golden key)

I struggle often with what to write, what parts of my story, my life belong to me and what parts of my story belong to others. I’ve written blogs that have upset people in my life—these haiku deal with finding that line, that balance between speaking my truth and revealing someone else’s:

Truths stuck on my tongue
Peeled off, now forced to drain through
The nib of my pen

I beg forgiveness
again for speaking my truth—
Is my story mine?

The scales tip toward
truth, and compassion falters–
Elusive balance

How does the writer
tell her story, pen her truth?
Dull the sharp edges?

Truth wants to vibrate
up and out in minor chords.
A sharp dissonance

Warrior woman
Draws her word sword, aware it’s
Double-edged, dang’rous

More on writing—this first one seems pretty self-explanatory. Here’s a whole series of haiku on writing into silence. Sometimes all I want from my writing is a reaction, feedback, someone on the other end to acknowledge my words. I don’t need cheers and accolades always (though occasionally that sort of feedback is awesome), but it’s difficult to write into silence, day in and day out. I don’t care for it much. My frustration seems pretty clear here:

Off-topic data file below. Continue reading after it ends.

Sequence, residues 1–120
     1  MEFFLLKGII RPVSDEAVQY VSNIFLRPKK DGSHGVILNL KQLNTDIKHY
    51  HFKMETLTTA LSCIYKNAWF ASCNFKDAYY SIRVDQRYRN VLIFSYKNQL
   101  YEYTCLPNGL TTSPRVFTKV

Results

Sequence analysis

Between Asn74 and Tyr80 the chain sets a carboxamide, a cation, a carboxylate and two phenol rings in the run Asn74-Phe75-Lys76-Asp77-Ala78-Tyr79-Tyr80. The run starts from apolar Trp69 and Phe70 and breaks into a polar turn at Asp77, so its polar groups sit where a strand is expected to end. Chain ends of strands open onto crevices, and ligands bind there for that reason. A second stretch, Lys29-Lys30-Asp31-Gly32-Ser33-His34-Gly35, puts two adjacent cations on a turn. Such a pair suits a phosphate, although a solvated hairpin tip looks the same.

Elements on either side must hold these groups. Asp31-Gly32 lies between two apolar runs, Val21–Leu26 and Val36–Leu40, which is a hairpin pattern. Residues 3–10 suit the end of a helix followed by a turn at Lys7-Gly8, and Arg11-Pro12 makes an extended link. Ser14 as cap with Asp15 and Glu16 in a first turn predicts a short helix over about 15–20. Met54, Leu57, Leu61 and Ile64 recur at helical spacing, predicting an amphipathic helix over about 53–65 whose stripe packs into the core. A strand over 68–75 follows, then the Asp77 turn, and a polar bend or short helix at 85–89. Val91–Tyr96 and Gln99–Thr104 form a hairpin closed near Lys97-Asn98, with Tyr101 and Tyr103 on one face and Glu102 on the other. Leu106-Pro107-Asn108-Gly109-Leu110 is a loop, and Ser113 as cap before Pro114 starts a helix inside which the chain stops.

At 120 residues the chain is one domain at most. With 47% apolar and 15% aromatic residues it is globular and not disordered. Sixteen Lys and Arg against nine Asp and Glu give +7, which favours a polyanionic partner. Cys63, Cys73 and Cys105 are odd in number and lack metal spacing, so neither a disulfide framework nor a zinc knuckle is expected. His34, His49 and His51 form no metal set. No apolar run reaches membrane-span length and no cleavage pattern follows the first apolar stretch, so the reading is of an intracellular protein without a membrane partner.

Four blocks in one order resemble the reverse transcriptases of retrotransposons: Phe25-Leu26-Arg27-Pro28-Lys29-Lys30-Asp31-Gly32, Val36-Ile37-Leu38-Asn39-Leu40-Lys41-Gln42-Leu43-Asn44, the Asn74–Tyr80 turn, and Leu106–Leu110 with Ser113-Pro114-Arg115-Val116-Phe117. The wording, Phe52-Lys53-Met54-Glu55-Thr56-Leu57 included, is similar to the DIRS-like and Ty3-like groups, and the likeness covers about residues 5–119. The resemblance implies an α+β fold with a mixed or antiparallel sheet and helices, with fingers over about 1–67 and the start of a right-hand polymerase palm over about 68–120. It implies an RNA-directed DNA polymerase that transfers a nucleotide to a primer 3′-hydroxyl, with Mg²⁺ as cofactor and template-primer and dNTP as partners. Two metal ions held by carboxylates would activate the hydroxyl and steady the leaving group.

Some days the words must
be pried piecemeal from dry earth
dusted off, washed clean

Looking for Divine
but finding only silence–
The great unlearning.

I have to escape
great silences, vast chasms
echoing within.

I can’t keep birthing
Words into silence. These are
Boisterous children

I’m pushing my words
Into silence and meeting
Resistance. Friction.

Your silence echoes
Through my canyons of desire–
Freshly gouged and deep

My words like wafers–
communion offered, received,
Ingested. Some Truth.

My sentences, like
Wine. Drink from the blood rivers.
exanguination

These paragraphs, my
soul. Transubstantiation.
Sacrifice. Rebirth.

These poems take a little liberty with the haiku form:

(Sorry–)
I just meant to tug
that one thread, not to make the
whole thing unravel

(Can we–)
Mend this ragged edge
Knitting word bones together–
Follow this thread home?

Please do not invite 
me in and then abandon
me at the threshold

What lives behind the 
sets we construct, the masks we
wear? Step off the stage.

Mudslide

Nature knows no bounds—
Follows her own path toward
wreckage, renewal

Oso Strong. Forty-
three gongs of the bell between